A RISE in job ads over August has failed to stem the slowdown in jobs growth in the second half, although overall numbers appear to be the best since 2013, according to the ANZ.
Latest figures from the ANZ Job Ads Series shows job advertisements bounced 1 per cent month-on-month in August, seasonally adjusted.
The latest figures bring the rise in job ads over the year to 8.9 per cent, seasonally adjusted, with 140,414 ads placed on the internet and in newspapers nationally over the month.
The figure is up from 128,880 a year ago and almost level with the 140,781 recorded in August 2013. It also compares with 180,247 in 2008-09, which represents a 21.8 per cent slump in job ads over the past six years.
The latest monthly gain comes on the back of a 0.5 per cent fall in July, however, in trend terms, job ads were up just 0.4 per cent.
This is considerably slower than trend growth rates of above 1 per cent seen in the second half of last year.
"The bounce in job advertising is a good sign for now," says ANZ chief economist Warren Hogan.
"The trend measure, however, suggests there has been a slowdown in growth since late last year.
"This is consistent with our expectations for employment growth to moderate in the second half of the year, after a strong first half.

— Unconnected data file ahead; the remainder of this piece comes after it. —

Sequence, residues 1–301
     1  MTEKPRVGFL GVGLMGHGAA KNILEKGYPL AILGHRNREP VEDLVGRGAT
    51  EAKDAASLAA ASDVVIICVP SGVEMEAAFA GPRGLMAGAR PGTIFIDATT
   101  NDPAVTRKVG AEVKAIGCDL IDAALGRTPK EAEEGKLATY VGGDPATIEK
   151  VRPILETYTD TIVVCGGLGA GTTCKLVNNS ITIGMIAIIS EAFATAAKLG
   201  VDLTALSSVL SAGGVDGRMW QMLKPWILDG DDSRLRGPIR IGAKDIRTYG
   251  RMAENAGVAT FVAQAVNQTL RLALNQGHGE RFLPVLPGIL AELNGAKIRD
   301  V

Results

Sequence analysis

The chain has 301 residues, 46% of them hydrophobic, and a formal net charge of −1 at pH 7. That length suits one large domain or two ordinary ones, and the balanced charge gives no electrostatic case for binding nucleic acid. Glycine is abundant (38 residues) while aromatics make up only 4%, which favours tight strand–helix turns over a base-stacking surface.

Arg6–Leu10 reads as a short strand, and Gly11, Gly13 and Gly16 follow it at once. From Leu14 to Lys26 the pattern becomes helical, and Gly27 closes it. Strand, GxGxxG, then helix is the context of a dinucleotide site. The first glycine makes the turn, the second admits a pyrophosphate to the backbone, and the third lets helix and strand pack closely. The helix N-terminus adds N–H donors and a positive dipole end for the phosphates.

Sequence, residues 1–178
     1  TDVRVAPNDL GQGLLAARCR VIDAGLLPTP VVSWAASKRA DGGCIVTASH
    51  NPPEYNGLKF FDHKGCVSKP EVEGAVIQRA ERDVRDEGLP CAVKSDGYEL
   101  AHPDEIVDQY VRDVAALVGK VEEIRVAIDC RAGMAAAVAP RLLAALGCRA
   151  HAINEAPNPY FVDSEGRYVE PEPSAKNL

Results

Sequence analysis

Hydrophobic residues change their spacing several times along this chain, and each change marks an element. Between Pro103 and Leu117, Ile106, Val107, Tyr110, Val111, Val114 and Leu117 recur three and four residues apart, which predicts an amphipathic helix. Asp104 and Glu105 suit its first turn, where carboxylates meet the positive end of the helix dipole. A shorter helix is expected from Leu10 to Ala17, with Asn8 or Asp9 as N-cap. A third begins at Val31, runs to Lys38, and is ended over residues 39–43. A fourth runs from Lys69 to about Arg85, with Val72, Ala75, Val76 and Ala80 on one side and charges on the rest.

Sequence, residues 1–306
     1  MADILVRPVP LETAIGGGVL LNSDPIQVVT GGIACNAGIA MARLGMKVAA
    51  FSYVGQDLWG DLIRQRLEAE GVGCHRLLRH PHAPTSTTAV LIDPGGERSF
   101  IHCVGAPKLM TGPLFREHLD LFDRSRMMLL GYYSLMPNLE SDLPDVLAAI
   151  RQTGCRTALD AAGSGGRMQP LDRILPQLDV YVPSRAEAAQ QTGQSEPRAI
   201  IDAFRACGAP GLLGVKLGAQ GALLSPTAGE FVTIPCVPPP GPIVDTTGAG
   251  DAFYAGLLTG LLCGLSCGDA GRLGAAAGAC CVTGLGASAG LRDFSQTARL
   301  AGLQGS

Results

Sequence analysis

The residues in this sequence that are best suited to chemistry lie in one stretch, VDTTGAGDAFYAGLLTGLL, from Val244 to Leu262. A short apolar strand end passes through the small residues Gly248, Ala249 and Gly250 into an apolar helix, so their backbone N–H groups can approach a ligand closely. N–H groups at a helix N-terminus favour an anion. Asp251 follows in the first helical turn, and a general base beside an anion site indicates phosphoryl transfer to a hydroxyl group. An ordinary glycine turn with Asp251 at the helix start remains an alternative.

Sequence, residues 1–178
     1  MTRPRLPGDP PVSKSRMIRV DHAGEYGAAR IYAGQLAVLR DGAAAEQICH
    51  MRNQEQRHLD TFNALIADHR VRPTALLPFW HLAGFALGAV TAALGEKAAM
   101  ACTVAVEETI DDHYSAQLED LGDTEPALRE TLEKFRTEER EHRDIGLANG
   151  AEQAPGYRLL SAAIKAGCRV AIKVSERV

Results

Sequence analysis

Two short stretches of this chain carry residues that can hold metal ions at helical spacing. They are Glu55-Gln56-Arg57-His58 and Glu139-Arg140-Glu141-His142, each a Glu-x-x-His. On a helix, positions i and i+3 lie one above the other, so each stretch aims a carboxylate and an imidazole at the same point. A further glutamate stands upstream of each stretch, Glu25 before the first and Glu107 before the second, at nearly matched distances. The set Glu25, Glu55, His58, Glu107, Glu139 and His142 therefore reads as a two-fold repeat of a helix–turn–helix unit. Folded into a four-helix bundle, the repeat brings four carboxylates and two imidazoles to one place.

"The recent strength in employment growth has been concentrated in a range of labour-intensive services industries.
"However, job losses in mining, mining-related construction and manufacturing are likely to weigh on employment growth over the next year."
Hogan says growth in the Australian economy remains patchy.
"GDP grew only 2 per cent year-on-year in the June quarter, the weakest growth rate seen in the last two years.
"With the drag from mining investment likely to continue to weigh on the economy, and non-mining activity also expanding only modestly given weak growth in both household incomes and business profits, the economy is likely to continue to grow below trend over the next year or so.
"This suggests that employment growth is unlikely to pick-up meaningfully in the near-term."
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